Experts Reveal Why Education Systems Must Balance the Hard and Soft Skills Needed to be Future Ready

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CMRubinWorld’s new interview with OECD experts explores the value of continuing to teach hard skills in the age of robots.

Computers and the Future of Skill Demand uses a test based on the OECD’s Survey of Adult Skills (PIAAC) to compare computers with humans. Robots seem to be better at hard skills such as mathematics and computing, while humans are much better at soft skills, such as reasoning and writing. Stuart W. Elliot, the book’s author, and Dirk Van Damme, the OECD’s Head of the Skills Beyond Schools Division, point out that new and improved AI will continue to dramatically change our lives as we’re “surrounded by computers that provide information, direct our attention and suggest choices.” If computers are better than humans at solving complicated math problems, why should students even bother to learn mathematics? Elliott and Van Damme state that while “it’s helpful for everyone to learn basic arithmetic as part of learning to reason with numbers,” the “real competence needed by people will be the critical thinking and reasoning to put all the pieces together.”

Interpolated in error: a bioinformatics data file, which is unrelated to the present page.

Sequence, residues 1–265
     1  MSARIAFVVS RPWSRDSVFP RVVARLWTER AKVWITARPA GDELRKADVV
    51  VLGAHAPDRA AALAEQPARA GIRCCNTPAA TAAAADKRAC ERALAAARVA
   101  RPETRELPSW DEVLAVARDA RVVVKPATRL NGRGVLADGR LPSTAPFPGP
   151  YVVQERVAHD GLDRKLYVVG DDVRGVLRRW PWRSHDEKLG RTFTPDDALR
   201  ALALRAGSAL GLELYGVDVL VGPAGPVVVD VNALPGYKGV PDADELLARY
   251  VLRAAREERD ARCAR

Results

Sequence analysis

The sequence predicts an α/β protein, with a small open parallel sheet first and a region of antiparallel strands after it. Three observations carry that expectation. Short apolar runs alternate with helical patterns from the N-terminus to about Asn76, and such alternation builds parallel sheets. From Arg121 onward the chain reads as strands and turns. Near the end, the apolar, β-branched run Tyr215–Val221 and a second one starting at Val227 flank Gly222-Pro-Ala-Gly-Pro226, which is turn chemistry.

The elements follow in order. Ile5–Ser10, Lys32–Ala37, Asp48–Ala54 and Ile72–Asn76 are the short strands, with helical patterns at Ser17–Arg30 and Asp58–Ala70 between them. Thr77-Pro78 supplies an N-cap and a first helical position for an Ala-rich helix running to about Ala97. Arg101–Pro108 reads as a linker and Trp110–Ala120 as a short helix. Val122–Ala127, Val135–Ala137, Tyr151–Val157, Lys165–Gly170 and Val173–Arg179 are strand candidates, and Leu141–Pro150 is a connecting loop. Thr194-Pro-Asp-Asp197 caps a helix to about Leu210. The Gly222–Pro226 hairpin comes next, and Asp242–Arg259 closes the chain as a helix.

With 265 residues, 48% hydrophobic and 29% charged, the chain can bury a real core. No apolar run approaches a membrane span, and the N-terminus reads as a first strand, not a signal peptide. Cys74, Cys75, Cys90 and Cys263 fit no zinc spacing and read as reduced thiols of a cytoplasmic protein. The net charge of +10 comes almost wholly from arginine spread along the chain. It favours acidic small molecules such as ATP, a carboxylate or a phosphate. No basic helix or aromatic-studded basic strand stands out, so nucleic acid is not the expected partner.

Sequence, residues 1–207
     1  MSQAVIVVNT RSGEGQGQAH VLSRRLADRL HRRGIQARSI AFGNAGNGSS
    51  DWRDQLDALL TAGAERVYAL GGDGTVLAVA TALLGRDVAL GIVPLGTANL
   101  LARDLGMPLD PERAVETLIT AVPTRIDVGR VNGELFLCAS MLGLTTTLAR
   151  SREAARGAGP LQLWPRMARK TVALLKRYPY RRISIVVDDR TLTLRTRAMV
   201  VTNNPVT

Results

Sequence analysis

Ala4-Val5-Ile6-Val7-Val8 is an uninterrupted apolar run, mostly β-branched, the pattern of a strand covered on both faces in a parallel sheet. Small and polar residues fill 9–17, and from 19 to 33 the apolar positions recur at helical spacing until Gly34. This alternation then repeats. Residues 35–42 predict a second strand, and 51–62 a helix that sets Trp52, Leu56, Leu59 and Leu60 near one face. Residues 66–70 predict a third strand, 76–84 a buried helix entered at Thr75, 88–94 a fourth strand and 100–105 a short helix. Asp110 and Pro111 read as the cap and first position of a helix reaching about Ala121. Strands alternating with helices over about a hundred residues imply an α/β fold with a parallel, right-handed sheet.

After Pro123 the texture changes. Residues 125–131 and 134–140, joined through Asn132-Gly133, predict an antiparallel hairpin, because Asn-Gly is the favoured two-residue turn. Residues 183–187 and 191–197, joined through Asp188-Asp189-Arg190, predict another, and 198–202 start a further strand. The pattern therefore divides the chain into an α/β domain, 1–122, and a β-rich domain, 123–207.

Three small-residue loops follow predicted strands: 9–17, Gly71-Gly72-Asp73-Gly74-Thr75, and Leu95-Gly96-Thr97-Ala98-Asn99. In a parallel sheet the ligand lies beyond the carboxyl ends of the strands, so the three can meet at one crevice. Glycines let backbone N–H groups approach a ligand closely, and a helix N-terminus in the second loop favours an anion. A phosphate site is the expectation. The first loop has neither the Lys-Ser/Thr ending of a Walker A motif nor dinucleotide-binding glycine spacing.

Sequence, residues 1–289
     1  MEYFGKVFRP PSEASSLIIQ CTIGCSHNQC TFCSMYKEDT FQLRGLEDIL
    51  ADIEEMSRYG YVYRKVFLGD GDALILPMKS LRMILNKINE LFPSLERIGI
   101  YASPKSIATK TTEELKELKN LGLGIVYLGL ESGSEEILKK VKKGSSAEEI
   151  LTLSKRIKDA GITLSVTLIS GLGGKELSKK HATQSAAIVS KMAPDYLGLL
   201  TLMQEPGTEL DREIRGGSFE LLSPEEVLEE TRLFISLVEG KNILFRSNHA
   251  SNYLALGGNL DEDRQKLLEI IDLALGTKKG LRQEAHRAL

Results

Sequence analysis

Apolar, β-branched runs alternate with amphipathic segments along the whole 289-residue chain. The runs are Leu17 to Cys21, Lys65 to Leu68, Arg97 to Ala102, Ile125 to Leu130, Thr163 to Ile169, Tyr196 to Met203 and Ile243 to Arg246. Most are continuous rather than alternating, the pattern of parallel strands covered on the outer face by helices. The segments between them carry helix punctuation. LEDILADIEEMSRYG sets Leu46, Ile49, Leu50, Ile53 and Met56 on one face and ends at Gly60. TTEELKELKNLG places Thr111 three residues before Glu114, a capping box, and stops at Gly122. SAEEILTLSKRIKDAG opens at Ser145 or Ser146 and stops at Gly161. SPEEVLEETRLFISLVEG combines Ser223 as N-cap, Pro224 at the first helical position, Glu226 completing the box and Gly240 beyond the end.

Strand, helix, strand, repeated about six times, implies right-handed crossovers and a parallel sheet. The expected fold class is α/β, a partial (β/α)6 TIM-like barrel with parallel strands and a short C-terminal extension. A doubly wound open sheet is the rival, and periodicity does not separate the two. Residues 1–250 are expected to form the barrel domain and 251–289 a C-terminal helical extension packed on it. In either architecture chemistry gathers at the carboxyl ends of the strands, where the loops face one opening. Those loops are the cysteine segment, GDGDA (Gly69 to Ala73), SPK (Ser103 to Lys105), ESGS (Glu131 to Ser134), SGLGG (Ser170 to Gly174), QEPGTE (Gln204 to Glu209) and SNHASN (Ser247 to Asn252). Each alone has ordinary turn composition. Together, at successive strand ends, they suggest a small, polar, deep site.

Saudi Arabia gave citizenship to a humanoid robot named Sophia. C. M. Rubin (Founder of CMRubinWorld) discusses with Elliott and Van Damme the societal disruption driven by newer technologies coming soon. Should governments be drafting legislations to deal with robots now? Elliott and Van Damme acknowledge that robots could become so “self-reflective that they’ll describe their reasoning and goals the same way humans do.” When that happens, society will “need to decide whether to treat those robots legally as having a kind of self-interest comparable to humans.”

Dirk Van Damme is Head of the Innovation and Measuring Progress Division (IMEP), which covers both the Centre for Educational Research and Innovation (CERI) and the Indicators of Educational Systems (INES) program, in the OECD Directorate for Education and Skills. Stuart W. Elliott is an Economist and cognitive scientist working on comparing the skills of computers and humans to understand the long-term effects of automation on work, education and the economy. He is the author of Computers and the Future of Skill Demand.

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CMRubinWorld launched in 2010 to explore what kind of education would prepare students to succeed in a rapidly changing globalized world. Its award-winning series, The Global Search for Education, is a celebrated trailblazer in the renaissance of the 21st century, and occupies a special place in the pulse of key issues facing every nation and the collective future of all children. It connects today’s top thought leaders with a diverse global audience of parents, students and educators. Its highly readable platform allows for discourse concerning our highest ideals and the sustainable solutions we must engineer to achieve them.

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David Wine



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